Just how has the Covid vaccine been approved so quickly?

Traditionally, vaccines can take years to research and develop, so how is a vaccine approved for use so quickly?

Here, the PA news agency answers your questions about vaccine production and pandemic approval.

How did this come so quickly?

The time frame for developing and approving a Covid vaccine has been shortened due to the coronavirus crisis.

What is the usual process of developing a vaccine?

Traditionally, vaccine development takes several years and involves several processes, including design and development stages followed by clinical trials – which in and of themselves require approval before they even begin.

The tests take place in three consecutive phases – also called phases. The research will show whether a vaccine produces antibodies, but also protects people against disease. They will also identify any security issues.

Once the trials are completed, the information collected by investigators will be sent to regulators for review.

This is thoroughly analyzed by clinicians and scientists before it is approved for widespread use.

After that, after approval by regulators, people can start receiving the vaccine.

Is this different because of the pandemic?

The process looks slightly different in the trials for a Covid vaccine.

Although the early design and development phases are similar, the phases of clinical trials overlap – rather than sequentially.

But doesn’t that mean security is compromised?

Although some phases of the clinical trial process have run in parallel instead of one after the other, the safety checks are still the same as for any new medicine.

The Medicines and Healthcare products Regulatory Agency (MHRA) has adopted the phrase “safety is our password”.

Regulators have said they will “rigorously review” the data and evidence on the safety, quality and effectiveness of the vaccine.

And in most clinical trials, safety issues are usually identified in the first two to three months – a period that has already passed for most vaccine frontrunners.

How do regulators act so quickly?

Regulators have been conducting “ongoing reviews,” meaning that instead of going through piles of information at the end of the trials, they’ve been given access to the data while the scientists work.

An ongoing review of the vaccine data began several months ago.

This means that regulators can start looking at scientific data earlier than they traditionally would, which in turn means that the approval process can be speeded up.

Regulators sometimes have thousands of pages of information to go through with a fine-tooth comb – which understandably takes time.

Once all available data on the vaccine has been submitted, MHRA experts will carefully and scientifically review the safety, quality and effectiveness data – how it protects people from Covid-19 and the level of protection it provides.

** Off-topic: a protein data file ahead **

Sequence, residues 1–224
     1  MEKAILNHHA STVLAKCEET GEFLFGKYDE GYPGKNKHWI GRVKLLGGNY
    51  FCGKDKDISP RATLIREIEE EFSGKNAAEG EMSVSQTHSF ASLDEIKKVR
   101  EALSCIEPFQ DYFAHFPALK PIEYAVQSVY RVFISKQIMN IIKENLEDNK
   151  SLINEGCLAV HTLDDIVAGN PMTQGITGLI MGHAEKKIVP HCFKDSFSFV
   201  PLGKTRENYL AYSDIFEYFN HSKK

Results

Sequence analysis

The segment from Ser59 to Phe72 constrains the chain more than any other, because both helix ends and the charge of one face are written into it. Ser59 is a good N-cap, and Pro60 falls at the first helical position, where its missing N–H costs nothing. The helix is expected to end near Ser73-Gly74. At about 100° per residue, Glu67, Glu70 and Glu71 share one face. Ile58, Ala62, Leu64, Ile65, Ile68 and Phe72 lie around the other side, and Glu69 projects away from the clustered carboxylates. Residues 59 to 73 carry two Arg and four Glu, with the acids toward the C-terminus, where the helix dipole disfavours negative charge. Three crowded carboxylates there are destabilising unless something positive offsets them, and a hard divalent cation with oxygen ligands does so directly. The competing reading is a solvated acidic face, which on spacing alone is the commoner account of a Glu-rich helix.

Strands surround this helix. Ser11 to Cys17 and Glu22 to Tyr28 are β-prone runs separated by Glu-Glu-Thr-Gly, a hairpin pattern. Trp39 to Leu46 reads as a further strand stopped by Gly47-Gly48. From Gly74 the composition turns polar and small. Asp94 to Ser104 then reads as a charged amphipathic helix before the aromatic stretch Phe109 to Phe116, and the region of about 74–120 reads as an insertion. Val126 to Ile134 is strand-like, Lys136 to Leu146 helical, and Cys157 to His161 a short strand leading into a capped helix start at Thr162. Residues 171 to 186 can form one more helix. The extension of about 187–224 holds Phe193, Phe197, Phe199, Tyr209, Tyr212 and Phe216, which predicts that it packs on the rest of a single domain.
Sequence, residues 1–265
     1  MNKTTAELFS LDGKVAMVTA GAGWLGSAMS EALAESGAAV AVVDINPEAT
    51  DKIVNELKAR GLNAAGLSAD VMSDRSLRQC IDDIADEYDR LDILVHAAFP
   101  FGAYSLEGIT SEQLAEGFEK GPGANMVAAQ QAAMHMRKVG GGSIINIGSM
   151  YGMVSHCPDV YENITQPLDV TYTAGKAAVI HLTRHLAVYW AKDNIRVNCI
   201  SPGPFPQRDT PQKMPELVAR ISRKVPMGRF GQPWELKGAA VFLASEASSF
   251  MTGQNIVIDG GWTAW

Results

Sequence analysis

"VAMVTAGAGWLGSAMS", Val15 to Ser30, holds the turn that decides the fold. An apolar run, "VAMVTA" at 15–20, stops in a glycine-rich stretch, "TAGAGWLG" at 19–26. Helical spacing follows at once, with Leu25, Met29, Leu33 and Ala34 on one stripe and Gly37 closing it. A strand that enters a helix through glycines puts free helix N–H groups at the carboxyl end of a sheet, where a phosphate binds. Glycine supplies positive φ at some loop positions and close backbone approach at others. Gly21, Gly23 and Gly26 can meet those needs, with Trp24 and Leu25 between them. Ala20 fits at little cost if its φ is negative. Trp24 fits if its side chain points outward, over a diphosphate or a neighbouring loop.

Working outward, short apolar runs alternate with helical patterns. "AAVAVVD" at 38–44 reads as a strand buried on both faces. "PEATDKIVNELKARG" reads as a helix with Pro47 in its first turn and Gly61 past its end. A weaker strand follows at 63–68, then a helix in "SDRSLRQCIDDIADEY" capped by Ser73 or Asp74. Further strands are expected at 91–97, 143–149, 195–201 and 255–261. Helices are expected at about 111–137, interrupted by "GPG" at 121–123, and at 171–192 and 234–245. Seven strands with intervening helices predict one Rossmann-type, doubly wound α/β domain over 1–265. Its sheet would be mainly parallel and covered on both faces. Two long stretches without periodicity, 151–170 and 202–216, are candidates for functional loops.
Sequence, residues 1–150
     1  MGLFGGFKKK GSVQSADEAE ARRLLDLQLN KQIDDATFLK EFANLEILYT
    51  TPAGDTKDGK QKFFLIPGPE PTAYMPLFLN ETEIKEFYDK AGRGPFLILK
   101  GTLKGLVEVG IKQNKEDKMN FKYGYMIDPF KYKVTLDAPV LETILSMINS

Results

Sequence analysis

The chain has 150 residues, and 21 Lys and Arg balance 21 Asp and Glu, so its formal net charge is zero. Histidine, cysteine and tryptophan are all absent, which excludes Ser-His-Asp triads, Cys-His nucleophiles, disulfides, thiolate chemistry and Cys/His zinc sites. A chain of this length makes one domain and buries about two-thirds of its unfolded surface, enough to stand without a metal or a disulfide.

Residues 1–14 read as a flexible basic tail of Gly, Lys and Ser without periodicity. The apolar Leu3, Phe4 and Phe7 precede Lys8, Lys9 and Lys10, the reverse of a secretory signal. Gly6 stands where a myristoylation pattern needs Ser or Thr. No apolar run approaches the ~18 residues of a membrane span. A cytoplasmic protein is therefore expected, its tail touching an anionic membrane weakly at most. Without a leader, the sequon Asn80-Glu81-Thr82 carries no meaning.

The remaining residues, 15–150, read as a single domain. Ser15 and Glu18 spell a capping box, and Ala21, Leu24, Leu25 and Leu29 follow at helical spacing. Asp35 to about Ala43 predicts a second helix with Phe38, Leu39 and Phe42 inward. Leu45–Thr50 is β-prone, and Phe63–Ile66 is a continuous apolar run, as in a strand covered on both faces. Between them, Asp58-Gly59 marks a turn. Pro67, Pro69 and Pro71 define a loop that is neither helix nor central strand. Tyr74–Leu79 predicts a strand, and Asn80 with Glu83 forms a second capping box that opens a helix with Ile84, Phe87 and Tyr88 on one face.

Once this has been done, advice is sought from the government’s independent advisory body, the Medicines for Human Use Committee (CHM).

What does ‘approved for use’ mean?

To use a medicine in the UK, it must be licensed. This means it has passed all rigorous safety and efficacy controls and regulators have confidence in the findings of the clinical trials.

By reviewing the data as they become available, the MHRA can arrive at an earlier decision on whether or not the medicine or vaccine should be licensed without compromising the thoroughness of their assessment.

So what data will the regulator look at?

The information provided to the MHRA includes what the vaccine contains, how it works in the body, how well it works and what its side effects are, and who it is for.

This data should include the results of all animal studies and human clinical trials, manufacturing and quality controls, consistency in batch production, and final product specification testing.

The factories where the vaccines are made are also inspected before a license can be issued to ensure that the product supplied will be of the same consistently high standard.

What is the difference between the MHRA and the CHM?

The MHRA is the UK regulator of medicines and medical devices and ensures their safety, quality and effectiveness.

The CHM advises ministers on medicines. It consists of an independent group of advisers who are responsible for advising on the need and content of risk management plans for new drugs.

It also advises officials on the impact of emerging safety issues on the risk-benefit balance of licensed drugs.

The CHM also provides advice on “applications for both national and European marketing authorizations”.

Have pharmaceutical companies not yet started making vaccines?

Yes. Usually large-scale production and distribution does not begin until approval by the regulatory authorities. But in the case of Covid-19 vaccines, pharmaceutical companies started production even before final approval was given – risking being forced to cancel their work.

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